Women Organizing for Fair Trade
Trading Our Way Up - The story of a women's economic empowerment project in fair trade
An action research project examined the experiences of women producers in collective enterprises in seven countries between 2009–2011. The study highlighted the economic and social benefits of engaging in groups with links to Fair Trade.
Findings and case studies are detailed in the publication Trading Our Way Up: Women Organizing for Fair Trade.
The group has enabled me to face the challenges as I feel more self-confident ... when you are in the team you learn from others and are inspired to do better. I appeal to women to come out of the shell and become bold ... Joining the group will consolidate their efforts to fight poverty.
- Mpaji Ali Nahoda, Tusife Moyo, Tanzania
The women who produce goods for Fair Trade markets face multiple threats. The global economic recession had a massive impact on poor producers. Downturns in global markets reduced the demand from Fair Trade buyers, some of whom went out of business. At the same time, climate change has brought devastating natural disasters like droughts and floods, which impact the poor more severely.
The Women Organizing for Fair Trade action-research project involved women producers and their organizations in India, Nepal, Nicaragua, Mexico, Kenya, Uganda and Tanzania. Led by WIEGO's Global Trade Programme, the project demonstrated that when women organize in groups for market access, they are more effective in achieving positive change in their economic and social situation. It also revealed a need to help women develop the skills to assume leadership positions. Women producers were involved in all stages of the project.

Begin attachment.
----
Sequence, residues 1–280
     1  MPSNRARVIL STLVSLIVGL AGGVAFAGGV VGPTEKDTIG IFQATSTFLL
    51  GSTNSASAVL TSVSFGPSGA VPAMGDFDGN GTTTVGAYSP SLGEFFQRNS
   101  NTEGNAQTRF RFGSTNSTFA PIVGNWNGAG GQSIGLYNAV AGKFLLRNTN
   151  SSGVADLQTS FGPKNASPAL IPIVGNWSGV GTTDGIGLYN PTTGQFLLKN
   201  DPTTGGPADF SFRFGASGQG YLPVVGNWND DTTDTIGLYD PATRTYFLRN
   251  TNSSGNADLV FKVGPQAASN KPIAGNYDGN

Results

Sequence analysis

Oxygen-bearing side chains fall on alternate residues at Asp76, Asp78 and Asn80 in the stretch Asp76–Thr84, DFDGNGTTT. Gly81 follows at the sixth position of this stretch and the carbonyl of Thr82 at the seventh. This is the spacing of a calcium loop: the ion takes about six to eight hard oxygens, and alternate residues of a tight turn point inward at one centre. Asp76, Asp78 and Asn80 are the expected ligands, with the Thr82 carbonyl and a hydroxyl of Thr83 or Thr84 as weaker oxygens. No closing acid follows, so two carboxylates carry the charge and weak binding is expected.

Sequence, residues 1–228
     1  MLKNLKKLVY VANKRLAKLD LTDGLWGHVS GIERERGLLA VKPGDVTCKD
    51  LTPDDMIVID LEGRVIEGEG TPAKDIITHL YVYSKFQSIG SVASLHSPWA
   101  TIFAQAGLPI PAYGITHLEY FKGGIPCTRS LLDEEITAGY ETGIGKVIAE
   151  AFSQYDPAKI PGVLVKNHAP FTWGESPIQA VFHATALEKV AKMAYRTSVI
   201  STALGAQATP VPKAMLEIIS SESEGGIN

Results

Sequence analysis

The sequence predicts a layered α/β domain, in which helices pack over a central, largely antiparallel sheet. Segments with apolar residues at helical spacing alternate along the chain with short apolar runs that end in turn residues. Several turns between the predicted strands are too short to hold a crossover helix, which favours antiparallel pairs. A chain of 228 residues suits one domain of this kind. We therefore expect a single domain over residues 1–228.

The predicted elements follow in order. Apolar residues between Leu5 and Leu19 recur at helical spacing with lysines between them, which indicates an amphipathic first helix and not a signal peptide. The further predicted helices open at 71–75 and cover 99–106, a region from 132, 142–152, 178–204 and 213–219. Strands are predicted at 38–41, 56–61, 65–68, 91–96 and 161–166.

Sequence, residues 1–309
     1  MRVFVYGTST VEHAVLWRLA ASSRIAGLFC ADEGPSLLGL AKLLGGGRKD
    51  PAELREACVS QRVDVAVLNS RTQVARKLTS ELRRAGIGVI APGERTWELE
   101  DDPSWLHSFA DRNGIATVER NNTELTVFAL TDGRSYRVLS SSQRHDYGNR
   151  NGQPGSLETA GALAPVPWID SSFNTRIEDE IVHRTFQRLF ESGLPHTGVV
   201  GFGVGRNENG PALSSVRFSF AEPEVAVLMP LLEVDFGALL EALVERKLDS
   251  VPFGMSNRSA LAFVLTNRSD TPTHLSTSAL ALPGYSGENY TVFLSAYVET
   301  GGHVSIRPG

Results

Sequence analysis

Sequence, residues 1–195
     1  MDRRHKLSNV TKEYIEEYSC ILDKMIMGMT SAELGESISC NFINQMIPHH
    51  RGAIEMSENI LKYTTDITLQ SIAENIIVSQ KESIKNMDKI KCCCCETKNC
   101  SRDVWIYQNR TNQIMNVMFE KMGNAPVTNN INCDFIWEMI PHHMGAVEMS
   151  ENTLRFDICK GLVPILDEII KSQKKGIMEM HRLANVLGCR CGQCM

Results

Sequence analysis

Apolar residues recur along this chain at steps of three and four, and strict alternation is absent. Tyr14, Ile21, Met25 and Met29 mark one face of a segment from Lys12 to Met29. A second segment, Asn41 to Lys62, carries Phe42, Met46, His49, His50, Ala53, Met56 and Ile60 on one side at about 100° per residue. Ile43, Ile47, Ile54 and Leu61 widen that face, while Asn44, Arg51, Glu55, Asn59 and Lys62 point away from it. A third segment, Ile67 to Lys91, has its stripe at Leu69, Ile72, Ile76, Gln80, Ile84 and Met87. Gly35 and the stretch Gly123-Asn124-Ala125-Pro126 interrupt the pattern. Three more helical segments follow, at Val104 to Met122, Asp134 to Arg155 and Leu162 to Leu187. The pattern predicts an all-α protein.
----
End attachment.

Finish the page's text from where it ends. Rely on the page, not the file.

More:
Case studies examined different organizational forms of producer groups and fair trade associations. They highlight key success factors in the strategies adopted to engage with fair trade markets, and consider what support producer organizations receive from their affiliation with associations and country networks. Case studies were collected through a process in which informal workers told their stories through photo journals, murals, film, songs, embroidery and words. This is particularly important due to low literacy levels.
Many of the local facilitators were given digital cameras to capture the reality of the women at work and as they participated in their organizations and in project activities.
In some countries, groups commissioned professional documentaries. Others developed songs, murals and basketry to tell the women’s stories.
The case studies show that informal workers have organized themselves for production and trade, learned new skills, understood quality requirements, developed new products, and exported to international markets. Through involvement in their associations and cooperatives, women have been successful in accessing markets and having opportunities to solve problems, learn from each other and provide mutual support and protection during difficult times. They grow in confidence, earn incomes to help meet their families’ needs, win the respect of husbands and men in their communities, and begin to participate in community decision-making.
Documentation and dissemination are helping to share good practice examples of fair trade across regions. Lessons learned were documented for future sharing with other women collectives, as well as with donors and partners.
At the project’s initiation workshop, participating groups determined that sharing their case studies more widely and demonstrating the positive impact for women of working collectively may prove to be an added incentive to Fair Trade buyers.
Sharing of information was particularly important in helping women see similarities across countries and share fair trade strategies. Learning and dissemination workshops were held in Mexico and Nicaragua, and in Kenya in May 2011 with representatives from partners in India, Kenya, Nepal, Tanzania and Uganda.